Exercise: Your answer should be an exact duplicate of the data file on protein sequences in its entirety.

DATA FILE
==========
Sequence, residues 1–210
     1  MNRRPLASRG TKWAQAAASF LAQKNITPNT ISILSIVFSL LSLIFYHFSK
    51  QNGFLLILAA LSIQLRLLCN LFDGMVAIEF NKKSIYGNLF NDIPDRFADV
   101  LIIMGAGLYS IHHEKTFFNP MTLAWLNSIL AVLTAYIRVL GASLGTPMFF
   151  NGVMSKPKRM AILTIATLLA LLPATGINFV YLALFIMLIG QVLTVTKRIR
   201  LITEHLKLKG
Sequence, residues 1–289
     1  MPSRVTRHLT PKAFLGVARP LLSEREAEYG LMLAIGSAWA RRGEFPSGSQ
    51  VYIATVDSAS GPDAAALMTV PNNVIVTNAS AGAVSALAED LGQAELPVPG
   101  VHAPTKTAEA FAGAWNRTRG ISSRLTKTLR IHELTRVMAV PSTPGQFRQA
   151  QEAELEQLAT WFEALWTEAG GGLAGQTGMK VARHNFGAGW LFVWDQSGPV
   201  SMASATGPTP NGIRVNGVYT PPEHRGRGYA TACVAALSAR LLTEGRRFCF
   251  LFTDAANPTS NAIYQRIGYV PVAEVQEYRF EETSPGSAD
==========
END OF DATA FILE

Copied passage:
Sequence, residues 1–210
     1  MNRRPLASRG TKWAQAAASF LAQKNITPNT ISILSIVFSL LSLIFYHFSK
    51  QNGFLLILAA LSIQLRLLCN LFDGMVAIEF NKKSIYGNLF NDIPDRFADV
   101  LIIMGAGLYS IHHEKTFFNP MTLAWLNSIL AVLTAYIRVL GASLGTPMFF
   151  NGVMSKPKRM AILTIATLLA LLPATGINFV YLALFIMLIG QVLTVTKRIR
   201  LITEHLKLKG
Sequence, residues 1–289
     1  MPSRVTRHLT PKAFLGVARP LLSEREAEYG LMLAIGSAWA RRGEFPSGSQ
    51  VYIATVDSAS GPDAAALMTV PNNVIVTNAS AGAVSALAED LGQAELPVPG
   101  VHAPTKTAEA FAGAWNRTRG ISSRLTKTLR IHELTRVMAV PSTPGQFRQA
   151  QEAELEQLAT WFEALWTEAG GGLAGQTGMK VARHNFGAGW LFVWDQSGPV
   201  SMASATGPTP NGIRVNGVYT PPEHRGRGYA TACVAALSAR LLTEGRRFCF
   251  LFTDAANPTS NAIYQRIGYV PVAEVQEYRF EETSPGSAD